Senate leader tells Democrats to “grow up”

Daily News Article   —   Posted on January 10, 2017

Senate leader tells Democrats to “grow up”

Some of Trump's Cabinet picks, left to right: Scott Pruitt (EPA), Betsy DeVos (Education), Andy Puzder (Labor), Steven Mnuchin (Treasury)

[NOTE: At least seven Trump Cabinet nominees are expected to appear before Senate committees this week.  Congress can’t officially confirm a president’s nominees until after he’s sworn in, but can hold hearings to help expedite the process and get nominations ready for Inauguration Day — (which is the first day a nominee can be confirmed).
Each nominee will first have a hearing with the Senate committee that has oversight responsibilities for his or her department. Once the committee holds a vote and approves the nominee, that candidate will be voted on by the full Senate].

(by Emily Schultheis, CBS News) – Senate Majority Leader Mitch McConnell said he expects the confirmation process for President-elect Donald Trump’s Cabinet nominees to continue on schedule — and that Democrats attempting to delay the process are doing so because they’re “frustrated that they lost the election.”

“All of these little procedural complaints are related to their frustration at having not only lost the White House but having lost the Senate,” McConnell told CBS’ “Face the Nation.” “I understand that but we need to sort of grow up here and get past that.”

McConnell said that, just as the Senate did for Mr. Obama’s nominees in 2009, he expects to have seven of Mr. Trump’s nominees confirmed the same day he is inaugurated.

McConnell’s comments come after the Office of Government Ethics expressed concern about the confirmation timeline in a letter to Democratic senators on Friday, saying that several of Mr. Trump’s nominees still have not been fully vetted. In the case of some of his nominees — such as ExxonMobil CEO Rex Tillerson — the individuals’ vast financial and business holdings contribute to the need for more time to review everything. Democrats have called for more disclosure from the nominees, including tax returns.

Senate Republicans felt equally opposed to Mr. Obama’s Cabinet picks eight years ago, McConnell said, but they voted to confirm them anyway.

“I was in [Senate Minority Leader Chuck] Schumer’s situation eight years ago … what did we do? We confirmed seven cabinet appointments the day President Obama was sworn in,” he said. “We didn’t like most of them either, but he won the election.”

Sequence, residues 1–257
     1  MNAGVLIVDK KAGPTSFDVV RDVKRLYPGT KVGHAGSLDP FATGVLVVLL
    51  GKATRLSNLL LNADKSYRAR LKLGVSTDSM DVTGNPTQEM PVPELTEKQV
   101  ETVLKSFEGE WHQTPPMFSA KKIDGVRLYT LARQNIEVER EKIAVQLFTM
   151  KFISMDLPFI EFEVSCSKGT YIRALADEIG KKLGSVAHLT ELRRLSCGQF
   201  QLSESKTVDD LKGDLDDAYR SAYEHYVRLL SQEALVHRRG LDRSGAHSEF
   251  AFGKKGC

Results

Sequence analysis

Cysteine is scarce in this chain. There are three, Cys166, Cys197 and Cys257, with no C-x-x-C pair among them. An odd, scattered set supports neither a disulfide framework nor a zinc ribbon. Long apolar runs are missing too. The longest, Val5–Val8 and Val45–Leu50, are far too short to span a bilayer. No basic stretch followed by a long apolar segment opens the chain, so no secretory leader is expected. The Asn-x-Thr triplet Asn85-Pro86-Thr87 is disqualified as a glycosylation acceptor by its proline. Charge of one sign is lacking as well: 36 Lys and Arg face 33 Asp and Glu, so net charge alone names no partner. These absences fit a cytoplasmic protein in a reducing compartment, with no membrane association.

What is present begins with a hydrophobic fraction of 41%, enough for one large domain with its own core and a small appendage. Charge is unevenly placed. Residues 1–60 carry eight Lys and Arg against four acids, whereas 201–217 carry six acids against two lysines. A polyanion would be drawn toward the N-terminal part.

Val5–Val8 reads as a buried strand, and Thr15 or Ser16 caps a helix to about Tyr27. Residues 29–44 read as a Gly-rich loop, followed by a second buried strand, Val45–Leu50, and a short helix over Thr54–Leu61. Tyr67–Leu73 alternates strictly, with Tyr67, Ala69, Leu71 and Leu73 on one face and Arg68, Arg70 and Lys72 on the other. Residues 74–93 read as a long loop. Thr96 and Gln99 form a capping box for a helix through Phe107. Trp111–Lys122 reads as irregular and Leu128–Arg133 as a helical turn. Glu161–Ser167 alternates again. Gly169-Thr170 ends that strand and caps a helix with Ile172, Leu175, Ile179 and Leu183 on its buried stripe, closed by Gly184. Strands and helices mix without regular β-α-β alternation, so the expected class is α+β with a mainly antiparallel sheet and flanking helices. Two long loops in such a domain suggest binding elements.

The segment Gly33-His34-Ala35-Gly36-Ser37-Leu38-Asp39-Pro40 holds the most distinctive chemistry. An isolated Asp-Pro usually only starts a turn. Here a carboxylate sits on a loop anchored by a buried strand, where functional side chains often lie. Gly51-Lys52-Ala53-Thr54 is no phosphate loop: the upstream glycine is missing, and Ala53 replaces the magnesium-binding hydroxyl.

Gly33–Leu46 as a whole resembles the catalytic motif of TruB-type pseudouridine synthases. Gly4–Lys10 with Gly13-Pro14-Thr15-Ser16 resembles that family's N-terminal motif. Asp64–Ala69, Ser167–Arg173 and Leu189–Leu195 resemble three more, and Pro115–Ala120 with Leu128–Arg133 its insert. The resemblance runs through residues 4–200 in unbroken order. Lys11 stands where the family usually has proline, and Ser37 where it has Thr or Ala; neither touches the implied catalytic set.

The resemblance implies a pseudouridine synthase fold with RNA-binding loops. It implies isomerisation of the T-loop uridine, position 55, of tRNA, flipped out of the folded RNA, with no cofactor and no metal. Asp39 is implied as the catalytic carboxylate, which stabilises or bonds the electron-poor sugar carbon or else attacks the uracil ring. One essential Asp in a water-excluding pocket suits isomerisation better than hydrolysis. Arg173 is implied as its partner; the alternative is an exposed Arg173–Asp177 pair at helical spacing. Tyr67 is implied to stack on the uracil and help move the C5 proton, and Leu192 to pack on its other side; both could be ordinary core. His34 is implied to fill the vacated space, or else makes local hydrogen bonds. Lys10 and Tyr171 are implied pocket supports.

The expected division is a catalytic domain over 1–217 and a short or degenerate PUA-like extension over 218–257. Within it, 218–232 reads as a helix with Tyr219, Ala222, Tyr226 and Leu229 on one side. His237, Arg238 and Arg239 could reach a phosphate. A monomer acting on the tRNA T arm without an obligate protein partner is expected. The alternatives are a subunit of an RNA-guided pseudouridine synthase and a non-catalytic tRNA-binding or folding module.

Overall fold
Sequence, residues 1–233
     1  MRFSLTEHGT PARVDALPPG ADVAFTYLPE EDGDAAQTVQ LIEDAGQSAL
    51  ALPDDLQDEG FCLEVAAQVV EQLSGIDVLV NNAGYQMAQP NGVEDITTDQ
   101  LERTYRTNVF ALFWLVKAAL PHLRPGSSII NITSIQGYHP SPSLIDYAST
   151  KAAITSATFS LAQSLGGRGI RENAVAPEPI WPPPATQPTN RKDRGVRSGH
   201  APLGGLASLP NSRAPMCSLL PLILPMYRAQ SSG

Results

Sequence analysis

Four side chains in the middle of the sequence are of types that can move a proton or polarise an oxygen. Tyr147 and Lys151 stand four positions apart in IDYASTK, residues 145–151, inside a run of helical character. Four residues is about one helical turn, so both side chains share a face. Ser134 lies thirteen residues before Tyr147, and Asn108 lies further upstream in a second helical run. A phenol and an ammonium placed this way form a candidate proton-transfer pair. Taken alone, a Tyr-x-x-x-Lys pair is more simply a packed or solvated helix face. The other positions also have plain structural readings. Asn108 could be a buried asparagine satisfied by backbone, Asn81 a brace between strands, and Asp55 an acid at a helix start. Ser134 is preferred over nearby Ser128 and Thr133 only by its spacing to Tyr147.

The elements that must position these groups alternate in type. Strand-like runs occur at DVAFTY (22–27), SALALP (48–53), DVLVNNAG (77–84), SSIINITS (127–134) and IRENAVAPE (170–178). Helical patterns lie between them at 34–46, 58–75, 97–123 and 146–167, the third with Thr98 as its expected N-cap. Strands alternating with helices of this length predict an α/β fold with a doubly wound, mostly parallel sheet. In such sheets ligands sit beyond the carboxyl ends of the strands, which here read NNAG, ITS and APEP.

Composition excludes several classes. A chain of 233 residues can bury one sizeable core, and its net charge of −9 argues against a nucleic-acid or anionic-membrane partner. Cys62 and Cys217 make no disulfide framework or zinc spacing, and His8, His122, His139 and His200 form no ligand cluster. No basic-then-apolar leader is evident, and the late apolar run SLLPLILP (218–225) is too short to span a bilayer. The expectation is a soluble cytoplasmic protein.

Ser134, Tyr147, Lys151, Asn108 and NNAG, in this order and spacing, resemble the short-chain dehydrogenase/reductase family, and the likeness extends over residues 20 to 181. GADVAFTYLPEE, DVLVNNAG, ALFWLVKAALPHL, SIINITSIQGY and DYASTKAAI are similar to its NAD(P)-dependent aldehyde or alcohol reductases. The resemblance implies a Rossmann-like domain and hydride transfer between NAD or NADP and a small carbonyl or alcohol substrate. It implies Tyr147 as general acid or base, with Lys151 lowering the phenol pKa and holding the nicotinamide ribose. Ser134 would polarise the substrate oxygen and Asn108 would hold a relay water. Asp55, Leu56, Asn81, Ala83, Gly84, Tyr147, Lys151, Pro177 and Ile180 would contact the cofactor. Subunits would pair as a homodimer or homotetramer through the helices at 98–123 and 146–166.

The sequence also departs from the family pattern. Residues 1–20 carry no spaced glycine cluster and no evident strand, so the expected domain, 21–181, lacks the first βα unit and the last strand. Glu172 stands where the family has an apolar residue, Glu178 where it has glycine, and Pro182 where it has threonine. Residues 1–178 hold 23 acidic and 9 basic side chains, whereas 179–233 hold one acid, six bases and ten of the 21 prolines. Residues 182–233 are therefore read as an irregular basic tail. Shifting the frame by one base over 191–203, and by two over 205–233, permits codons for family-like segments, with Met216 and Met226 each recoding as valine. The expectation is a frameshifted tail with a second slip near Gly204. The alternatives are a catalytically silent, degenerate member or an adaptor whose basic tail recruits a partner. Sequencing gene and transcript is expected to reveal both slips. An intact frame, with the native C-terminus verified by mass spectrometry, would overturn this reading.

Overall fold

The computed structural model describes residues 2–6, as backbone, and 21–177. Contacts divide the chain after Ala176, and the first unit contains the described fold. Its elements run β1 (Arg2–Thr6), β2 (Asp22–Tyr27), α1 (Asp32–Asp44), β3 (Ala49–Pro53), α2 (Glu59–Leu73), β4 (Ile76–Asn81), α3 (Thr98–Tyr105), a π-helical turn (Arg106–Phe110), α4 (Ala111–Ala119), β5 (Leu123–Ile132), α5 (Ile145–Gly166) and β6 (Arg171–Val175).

He dismissed Democrats’ arguments that there are ethical concerns with some of Mr. Trump’s nominees, saying Republicans felt just as strongly about Mr. Obama’s “wildly liberal” nominees in 2009.

“We found most of his [Obama’s] Cabinet appointments just as disturbing as they would find President-elect Trump’s,” he said. “And that’s what happens when you lose the election.”

…On the intelligence community’s report on Russian hacking activities relating to the U.S. election and Mr. Trump’s comments on the issue, McConnell said he understands a new president’s hope to get along with Russia — but said those hopes will “be dashed pretty quickly” once Mr. Trump takes office.

“I don’t think it’s all that unusual for a new president to want to get along with the Russians — I remember George W. Bush having the same hope,” he said. “My suspicion is these hopes will be dashed pretty quickly — the Russians are clearly a big adversary and they demonstrated it by trying to mess around in our election.”

He added that Mr. Trump’s national security picks make it clear that he will not be soft on Russia.

“I think the best way to look at the president-elect’s attitude toward the Russians is to look at incoming national security leaders: Gen. Mattis, Gen. Kelly, Cong. Pompeo, Sen. Coats,” he said. “None of these are people are in any way conflicted about the view that the Russians are not our friends and are a big problem.” …

For a list of Trump’s cabinet nominees, go to President-elect Trump’s transition website greatagain.gov.

Reprinted here for educational purposes only. May not be reproduced on other websites without permission from CBSNews. Visit the website at cbsnews .com.